The other person I don't blame: Jacob. I liked that Jacob looked around and basically said, "Hey, I don't want to be a red shirt." Because Aaron—my pick for standing on Carroll's charred remains and laughing hysterically as the last one left—died, really, for no good reason. The followers at the rec center were basically target practice for the Keystone Kops (did Hardy add to his body count?). And the cult has a history of losing so many people along the way, martyrs for Carrollism. Jacob said he loved Joe (a facet of the story that has yet to convince me—Carroll doesn't seem engaging enough to command that kind of adoration) but it was time to get the heck out.

Forgiving Emma was terrible, though. When Emma came in sobbing, "I hate what I did to you," I wanted Jacob to still be furious. He was trapped. There was nothing else but death for him because he couldn't run and there was definitely no chance for him to have a normal life again. He had to stay in the cult and do Carroll's bidding. His life was ruined. And I get the sense that all of that was Emma's fault. He just wanted to do a couple activity. But instead of taking a trip to the Grand Canyon or going on a spa getaway, Emma wanted to be part of a cult. Her trespasses, leaving Jacob to die and being Joe's sexual outlet while he was in crisis, are the kind it's okay to hold a grudge for. But he forgave her. And he paid the price for being so very stupid. But it's just as well. How many times could Jacob come around the corner and announce, "You killed them." Yes, Jacob. She's in a murder cult.

Speaking of forgiveness, the show desperately wants us to forgive Claire for being a harpy for most of the season. After we facepalmed last week when Claire stabbed once and hoped Carroll would just keel over from a flesh wound, she made herself useful this week in freeing the hostages. I can appreciate that she stabbed Carroll again in the same spot because, cripes, that has to hurt. But it's interesting that she never went in for the kill. She basically had Joe on the ropes while Emma and Jacob were, based on how long it took them to react, arranging the cop bodies in dirty positions ("I think that's illegal in Virginia!"). She could've ended it right there by putting him down. Instead, she kicked him and caused him more pain. Then they ran. Obviously, the show doesn't want to kill Carroll off, but considering all the hate she harbors and the obvious disregard for his well-being, it's becoming more apparent that she'd rather not be the monster slayer.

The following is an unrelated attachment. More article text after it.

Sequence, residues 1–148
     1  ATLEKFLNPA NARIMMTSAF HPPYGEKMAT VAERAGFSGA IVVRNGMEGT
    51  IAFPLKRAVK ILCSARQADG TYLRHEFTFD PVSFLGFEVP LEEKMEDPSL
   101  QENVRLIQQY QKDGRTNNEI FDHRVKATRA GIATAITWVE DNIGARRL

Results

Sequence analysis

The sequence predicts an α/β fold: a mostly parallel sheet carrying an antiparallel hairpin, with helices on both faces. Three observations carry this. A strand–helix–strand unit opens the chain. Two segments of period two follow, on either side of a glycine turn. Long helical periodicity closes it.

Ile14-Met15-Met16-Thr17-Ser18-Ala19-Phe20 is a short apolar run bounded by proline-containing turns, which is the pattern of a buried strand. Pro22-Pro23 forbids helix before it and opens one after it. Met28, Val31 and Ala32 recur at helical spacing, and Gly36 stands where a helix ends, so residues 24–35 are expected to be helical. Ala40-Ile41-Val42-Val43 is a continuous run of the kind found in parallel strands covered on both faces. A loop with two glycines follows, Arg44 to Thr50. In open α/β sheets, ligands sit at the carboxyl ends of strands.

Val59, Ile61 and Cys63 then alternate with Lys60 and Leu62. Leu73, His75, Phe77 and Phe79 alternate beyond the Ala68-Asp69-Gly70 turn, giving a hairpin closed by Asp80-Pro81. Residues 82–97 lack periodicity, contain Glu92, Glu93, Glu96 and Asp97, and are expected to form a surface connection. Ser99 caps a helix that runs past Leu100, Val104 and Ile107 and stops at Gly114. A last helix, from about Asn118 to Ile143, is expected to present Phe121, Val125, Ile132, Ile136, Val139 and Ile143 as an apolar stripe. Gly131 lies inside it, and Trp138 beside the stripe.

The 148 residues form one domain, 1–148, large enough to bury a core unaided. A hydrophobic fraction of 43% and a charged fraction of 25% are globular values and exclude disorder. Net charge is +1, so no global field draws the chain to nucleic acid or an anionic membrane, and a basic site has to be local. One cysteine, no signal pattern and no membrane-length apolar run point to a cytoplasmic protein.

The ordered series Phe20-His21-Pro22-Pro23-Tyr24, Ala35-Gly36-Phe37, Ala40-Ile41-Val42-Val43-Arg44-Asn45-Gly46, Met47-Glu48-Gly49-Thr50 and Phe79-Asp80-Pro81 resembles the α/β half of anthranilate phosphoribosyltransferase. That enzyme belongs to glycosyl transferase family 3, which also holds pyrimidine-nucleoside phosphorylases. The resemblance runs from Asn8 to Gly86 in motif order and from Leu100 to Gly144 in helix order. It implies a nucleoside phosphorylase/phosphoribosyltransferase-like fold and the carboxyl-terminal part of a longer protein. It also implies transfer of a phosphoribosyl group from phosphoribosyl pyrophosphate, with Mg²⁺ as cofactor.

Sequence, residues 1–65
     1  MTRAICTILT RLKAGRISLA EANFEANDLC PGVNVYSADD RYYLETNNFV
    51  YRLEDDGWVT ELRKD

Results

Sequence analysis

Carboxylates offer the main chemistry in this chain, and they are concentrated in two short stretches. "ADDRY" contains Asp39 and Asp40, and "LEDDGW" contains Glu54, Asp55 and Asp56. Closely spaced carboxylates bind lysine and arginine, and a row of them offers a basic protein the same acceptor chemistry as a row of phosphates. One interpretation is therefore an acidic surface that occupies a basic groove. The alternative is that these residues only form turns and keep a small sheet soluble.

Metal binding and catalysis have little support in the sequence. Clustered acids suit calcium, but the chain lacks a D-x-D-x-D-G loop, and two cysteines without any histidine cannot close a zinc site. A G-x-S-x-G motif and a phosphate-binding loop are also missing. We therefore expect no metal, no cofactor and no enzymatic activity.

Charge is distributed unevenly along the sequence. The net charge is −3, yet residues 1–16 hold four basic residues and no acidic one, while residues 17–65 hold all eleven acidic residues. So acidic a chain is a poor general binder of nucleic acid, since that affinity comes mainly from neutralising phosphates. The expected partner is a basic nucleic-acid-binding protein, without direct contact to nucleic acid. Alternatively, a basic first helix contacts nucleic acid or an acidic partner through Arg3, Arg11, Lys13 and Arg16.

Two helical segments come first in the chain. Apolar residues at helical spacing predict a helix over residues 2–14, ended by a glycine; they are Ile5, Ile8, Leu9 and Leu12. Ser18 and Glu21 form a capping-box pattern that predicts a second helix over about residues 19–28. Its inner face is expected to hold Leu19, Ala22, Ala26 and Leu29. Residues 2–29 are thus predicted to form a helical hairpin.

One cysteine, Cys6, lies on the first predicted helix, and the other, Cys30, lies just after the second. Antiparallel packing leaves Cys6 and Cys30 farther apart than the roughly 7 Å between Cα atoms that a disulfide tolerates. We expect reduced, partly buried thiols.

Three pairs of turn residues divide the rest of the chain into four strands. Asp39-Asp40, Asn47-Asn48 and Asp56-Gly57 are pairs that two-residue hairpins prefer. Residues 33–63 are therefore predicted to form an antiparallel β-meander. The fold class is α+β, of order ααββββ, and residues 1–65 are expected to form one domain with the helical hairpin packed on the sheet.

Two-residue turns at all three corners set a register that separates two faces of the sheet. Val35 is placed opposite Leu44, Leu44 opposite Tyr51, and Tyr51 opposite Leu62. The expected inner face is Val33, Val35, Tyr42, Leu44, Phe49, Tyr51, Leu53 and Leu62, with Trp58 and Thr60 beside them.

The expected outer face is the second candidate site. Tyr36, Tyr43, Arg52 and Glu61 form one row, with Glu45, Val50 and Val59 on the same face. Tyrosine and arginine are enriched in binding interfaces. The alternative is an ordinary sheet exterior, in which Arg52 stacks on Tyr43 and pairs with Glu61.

The next time we meet will be the finale! Who will survive? Who will Ryan shoot next? Will Carroll kill Claire and dump her in the ocean? Or will Claire get Stockholm Syndrome and want to stay with her ex-husband? Will Hardy have any more awkward and inappropriate post-coital pillow talk? Stay tuned for the (almost assuredly) ridiculous conclusion to Season 1 of The Following!


NOTES

– The final chapter has begun? This is the end of the book? Was it a novella? I know that Carroll had some other things in mind that Roderick's betrayal and scores of dead followers may have affected but Joe really made it seem like he had all sorts of puzzles and tricks for Ryan but, outside of that one "kill all the Claires" chapter, there weren't really a whole lot of obstacles. I bet Joe's feeling pretty sheepish about making a big deal about it early on. Probably wished he'd slow-played his hand a little.

– Part of the Carroll School of Killing with Love must be shushing them while they die. It's an art to murder someone and then tell them to be quiet while life escapes them. And the dying people do it like they have something to lose. Hey, you're dying. If you want to sob or yell or gurgle the blood that's filling your throat, you should go ahead and do it. What's the worst that can happen? You die faster?

– Hey, FBI agents: Stop getting kidnapped.

– I'm 95 percent sure Parker's going to get out of the box alive, but why are the cult members doing that? You have to wonder why they're going through the trouble of burying her, how they had the box available to bury her in, and what the overall purpose of keeping her alive long enough to die slowly is? I'm guessing all will be revealed next week but it seems pretty silly right now.